by William J. Bechaver
I’ve heard stories of men hired by mining companies just to play on their teams. One such story tells of a local man who was not a miner at all. He was hired to work for a mine and never worked a day in the mine. He just played baseball for the company.
Early in his career, my grandfather, John Bechaver, lived at Toltec with his family. He played baseball with the Pictou Broncos. He was a catcher of considerable talent but made his reputation as a slugger, known as the team’s home-run hitter. A reputation as a good hitter carried a lot of weight and provided unusual opportunities, even in the mining industry. Word spread, and mines would offer jobs and hire workers solely for their ability to perform on the field. At one point, my Grandpa was "drafted" by a company in Gallup, New Mexico to work in their mine, an opportunity offered him primarily for his ability to play baseball. Later, he played ball in a mining camp called Madrid.
On the team in Pictou, his brother, Mike, also played. Mike often told of the time a scout from a professional team was interested in drafting my grandfather to play for their team. The scout was presumably from the Pueblo Dodgers, the nearest professional team at the time. But pay on professional teams was nowhere near the scale it is today. Often, professional players with families had to hold a second job to make ends meet. A man working in a coal mine could make more money than he could playing baseball at that time, though the wage scale for miners was low.
My grandpa, being young, shy, and modest about his ability to play baseball, refused the offer made by the scout. Chances are he didn’t take the offer seriously, for one didn’t make a living playing a game. The truth was he simply wasn’t ready to leave home, and the family needed his support to survive. What opportunities might have been available to him had he accepted the offer can only be pure speculation. He may have made a name for himself in Big League Baseball, perhaps playing with the Brooklyn Dodgers. Even then, big league players often worked at other professions during the off-season. There was more to success then than simply making a name for one’s self. Whatever the case, had he accepted, I most likely wouldn’t be here.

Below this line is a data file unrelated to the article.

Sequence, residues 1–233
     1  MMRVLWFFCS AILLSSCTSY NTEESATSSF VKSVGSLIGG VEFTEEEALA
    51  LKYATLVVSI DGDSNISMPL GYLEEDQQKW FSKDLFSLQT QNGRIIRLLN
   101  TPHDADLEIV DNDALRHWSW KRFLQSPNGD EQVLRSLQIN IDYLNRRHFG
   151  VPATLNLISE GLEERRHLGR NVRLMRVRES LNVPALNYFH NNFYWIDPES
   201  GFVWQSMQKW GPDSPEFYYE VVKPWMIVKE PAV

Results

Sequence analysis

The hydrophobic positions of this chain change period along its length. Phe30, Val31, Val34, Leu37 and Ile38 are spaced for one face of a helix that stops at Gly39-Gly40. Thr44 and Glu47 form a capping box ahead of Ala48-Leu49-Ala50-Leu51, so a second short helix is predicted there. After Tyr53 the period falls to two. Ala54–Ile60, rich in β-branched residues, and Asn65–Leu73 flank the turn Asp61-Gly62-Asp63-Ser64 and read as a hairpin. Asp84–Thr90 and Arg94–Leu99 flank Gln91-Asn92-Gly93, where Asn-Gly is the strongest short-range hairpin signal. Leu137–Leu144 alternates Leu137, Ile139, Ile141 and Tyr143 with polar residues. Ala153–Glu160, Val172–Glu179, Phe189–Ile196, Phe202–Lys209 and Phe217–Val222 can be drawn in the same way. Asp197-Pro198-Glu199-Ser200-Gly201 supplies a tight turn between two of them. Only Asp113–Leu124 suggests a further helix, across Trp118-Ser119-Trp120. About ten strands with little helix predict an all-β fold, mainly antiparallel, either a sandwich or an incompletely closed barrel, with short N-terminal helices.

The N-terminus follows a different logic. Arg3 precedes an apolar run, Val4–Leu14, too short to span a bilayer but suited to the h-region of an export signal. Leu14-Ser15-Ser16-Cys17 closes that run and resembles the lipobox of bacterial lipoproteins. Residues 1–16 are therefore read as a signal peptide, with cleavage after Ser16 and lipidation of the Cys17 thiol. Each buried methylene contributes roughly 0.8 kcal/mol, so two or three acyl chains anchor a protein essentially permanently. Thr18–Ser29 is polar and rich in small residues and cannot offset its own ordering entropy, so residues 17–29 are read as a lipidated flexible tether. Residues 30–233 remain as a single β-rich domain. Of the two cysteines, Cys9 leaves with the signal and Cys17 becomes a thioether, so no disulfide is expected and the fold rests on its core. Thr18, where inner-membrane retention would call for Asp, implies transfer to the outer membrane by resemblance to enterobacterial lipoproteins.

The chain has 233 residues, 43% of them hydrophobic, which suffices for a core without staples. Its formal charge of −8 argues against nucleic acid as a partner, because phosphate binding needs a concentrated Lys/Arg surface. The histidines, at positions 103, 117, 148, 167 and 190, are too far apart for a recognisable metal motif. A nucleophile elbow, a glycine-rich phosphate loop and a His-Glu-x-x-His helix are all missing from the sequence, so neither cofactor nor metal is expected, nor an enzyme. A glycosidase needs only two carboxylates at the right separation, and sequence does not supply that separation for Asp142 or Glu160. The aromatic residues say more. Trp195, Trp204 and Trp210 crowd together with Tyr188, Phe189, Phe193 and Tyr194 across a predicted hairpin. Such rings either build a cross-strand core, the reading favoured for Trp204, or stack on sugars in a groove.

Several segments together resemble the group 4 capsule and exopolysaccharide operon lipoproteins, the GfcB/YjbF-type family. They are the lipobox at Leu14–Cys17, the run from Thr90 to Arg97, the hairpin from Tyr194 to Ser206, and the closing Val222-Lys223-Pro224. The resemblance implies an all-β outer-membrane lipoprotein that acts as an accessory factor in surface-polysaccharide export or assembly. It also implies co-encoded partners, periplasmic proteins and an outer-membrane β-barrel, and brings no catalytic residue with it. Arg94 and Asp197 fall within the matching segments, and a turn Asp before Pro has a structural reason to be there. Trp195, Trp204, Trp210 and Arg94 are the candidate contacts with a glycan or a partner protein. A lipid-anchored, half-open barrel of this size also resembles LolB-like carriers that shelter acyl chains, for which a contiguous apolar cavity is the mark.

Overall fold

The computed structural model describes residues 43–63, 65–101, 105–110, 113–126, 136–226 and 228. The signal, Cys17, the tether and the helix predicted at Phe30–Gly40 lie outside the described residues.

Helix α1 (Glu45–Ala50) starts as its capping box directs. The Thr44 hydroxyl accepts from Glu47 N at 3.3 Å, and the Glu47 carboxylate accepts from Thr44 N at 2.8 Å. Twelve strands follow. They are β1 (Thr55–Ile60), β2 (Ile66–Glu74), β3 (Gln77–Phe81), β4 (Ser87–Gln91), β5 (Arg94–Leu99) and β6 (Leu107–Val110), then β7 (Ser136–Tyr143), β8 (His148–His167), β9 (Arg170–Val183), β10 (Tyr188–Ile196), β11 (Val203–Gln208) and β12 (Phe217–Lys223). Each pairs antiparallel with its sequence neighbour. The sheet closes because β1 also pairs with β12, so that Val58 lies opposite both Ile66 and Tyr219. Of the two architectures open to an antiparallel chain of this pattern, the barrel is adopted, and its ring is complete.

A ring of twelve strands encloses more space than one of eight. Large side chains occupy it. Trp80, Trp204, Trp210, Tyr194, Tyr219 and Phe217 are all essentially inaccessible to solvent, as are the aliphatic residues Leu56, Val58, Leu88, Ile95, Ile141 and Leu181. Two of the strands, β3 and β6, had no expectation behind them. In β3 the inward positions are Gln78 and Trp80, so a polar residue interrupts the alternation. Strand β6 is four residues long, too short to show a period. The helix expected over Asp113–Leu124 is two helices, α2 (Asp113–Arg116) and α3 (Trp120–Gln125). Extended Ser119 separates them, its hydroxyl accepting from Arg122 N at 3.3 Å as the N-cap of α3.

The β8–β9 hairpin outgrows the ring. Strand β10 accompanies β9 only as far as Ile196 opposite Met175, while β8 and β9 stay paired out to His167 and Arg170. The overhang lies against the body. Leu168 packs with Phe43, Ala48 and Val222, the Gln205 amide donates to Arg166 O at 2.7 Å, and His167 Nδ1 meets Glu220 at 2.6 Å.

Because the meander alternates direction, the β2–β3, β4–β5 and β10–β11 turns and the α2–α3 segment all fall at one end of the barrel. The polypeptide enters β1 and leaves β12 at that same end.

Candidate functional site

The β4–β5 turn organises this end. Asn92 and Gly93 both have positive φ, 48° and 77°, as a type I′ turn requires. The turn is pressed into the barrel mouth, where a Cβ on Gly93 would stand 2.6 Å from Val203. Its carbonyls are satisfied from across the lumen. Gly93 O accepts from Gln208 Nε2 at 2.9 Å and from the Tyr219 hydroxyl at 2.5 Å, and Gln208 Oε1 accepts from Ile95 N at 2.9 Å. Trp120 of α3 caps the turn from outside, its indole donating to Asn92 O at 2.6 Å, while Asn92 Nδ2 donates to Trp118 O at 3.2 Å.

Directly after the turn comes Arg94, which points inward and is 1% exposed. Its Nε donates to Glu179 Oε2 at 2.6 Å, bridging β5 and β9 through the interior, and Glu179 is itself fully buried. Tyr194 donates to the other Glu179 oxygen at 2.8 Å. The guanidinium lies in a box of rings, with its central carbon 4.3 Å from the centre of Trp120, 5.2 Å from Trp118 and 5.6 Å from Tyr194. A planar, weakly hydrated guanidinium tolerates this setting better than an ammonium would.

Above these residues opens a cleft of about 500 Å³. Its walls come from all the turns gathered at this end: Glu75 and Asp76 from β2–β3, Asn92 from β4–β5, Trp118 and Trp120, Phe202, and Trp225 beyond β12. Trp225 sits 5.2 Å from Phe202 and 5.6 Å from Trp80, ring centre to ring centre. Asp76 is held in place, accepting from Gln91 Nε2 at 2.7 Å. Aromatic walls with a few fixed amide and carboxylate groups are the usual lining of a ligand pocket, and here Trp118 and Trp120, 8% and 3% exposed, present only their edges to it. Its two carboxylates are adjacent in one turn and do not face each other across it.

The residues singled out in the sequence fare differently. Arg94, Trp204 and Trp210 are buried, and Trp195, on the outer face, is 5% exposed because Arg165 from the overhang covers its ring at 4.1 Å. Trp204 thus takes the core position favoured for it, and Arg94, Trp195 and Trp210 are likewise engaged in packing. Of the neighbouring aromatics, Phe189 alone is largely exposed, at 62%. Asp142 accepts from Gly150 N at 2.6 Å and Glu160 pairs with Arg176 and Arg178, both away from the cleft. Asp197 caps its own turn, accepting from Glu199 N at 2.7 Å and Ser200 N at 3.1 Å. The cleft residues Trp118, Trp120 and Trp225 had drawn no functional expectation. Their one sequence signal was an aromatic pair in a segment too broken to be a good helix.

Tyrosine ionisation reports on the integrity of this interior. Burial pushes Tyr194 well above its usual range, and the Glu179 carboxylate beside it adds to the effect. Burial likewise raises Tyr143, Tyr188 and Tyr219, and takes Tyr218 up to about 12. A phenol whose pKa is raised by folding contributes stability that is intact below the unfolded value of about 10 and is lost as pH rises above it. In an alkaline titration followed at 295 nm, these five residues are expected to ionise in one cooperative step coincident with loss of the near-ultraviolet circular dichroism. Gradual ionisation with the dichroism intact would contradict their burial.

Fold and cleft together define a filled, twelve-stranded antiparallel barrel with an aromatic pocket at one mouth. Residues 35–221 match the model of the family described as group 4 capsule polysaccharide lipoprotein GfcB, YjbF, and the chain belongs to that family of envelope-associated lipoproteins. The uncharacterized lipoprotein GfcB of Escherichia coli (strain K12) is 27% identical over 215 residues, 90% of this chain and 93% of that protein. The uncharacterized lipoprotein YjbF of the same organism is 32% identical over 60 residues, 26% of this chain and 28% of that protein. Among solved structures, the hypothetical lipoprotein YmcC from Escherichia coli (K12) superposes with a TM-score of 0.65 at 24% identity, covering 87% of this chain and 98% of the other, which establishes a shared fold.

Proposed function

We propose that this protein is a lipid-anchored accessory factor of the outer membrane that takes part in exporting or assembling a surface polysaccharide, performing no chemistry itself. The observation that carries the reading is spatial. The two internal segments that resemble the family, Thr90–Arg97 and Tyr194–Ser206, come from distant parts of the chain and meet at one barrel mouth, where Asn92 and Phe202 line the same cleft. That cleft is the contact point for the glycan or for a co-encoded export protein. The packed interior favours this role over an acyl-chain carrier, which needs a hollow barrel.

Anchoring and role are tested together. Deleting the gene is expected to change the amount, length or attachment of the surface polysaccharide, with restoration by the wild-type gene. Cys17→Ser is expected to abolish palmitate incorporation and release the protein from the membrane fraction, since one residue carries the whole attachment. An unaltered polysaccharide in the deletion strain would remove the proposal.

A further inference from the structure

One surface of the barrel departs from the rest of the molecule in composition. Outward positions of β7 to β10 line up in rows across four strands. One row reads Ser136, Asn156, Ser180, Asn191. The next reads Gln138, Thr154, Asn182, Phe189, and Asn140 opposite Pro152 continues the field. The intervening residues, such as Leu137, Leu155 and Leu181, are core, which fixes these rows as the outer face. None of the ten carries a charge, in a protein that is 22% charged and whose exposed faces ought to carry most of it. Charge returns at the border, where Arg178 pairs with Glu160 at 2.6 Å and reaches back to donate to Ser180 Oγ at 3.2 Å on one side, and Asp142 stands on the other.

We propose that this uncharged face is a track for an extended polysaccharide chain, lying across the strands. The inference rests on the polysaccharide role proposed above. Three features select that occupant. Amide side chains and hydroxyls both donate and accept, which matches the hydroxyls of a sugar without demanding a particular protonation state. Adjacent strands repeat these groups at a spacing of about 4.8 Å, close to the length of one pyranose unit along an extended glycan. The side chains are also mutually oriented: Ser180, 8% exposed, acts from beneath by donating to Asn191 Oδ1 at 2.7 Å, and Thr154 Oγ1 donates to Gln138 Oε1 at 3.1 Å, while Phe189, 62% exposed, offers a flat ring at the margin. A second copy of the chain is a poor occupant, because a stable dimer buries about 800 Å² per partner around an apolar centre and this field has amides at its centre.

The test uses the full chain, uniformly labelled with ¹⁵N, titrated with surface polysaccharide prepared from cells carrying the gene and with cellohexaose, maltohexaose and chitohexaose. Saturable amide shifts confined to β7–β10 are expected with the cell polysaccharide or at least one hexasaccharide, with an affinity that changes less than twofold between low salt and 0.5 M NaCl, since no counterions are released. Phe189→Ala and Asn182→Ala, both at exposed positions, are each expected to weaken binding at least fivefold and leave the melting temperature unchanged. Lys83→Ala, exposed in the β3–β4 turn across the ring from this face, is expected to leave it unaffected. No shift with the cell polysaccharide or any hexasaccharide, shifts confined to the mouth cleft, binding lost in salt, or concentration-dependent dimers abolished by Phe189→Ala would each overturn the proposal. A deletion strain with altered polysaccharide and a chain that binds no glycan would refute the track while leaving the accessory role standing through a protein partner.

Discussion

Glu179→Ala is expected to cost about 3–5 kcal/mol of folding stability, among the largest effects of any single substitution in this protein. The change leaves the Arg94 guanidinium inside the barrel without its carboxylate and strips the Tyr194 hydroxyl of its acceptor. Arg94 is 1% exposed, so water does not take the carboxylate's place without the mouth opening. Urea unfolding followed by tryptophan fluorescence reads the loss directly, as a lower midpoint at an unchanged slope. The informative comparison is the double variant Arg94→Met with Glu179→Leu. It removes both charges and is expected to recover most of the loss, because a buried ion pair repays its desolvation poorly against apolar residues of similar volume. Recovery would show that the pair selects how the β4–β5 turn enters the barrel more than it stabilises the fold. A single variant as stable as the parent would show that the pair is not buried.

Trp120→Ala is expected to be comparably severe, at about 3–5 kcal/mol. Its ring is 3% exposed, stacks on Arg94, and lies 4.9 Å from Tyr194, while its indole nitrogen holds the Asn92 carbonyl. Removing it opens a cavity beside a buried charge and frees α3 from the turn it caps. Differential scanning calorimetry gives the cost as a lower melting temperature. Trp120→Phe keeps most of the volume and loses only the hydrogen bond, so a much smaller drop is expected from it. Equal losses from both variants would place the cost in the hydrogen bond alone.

As the age of the coal mines began to fade, so too did the era of the company baseball teams. They faded into history sometime in the 1930s when softball began to gain prominence on local and amateur levels. But in their heyday, they featured the best of the best. Every mine in the nation boasted a great team. A legend out of a West Virginia coal camp holds that their local team was once given a chance to play a big league team. When asked about who they were playing, one of the big league players responded that they were playing a "Miner League Team.” The term stuck and evolved into the Minor Leagues, and eventually the Big Leagues began to be referred to as the Major Leagues.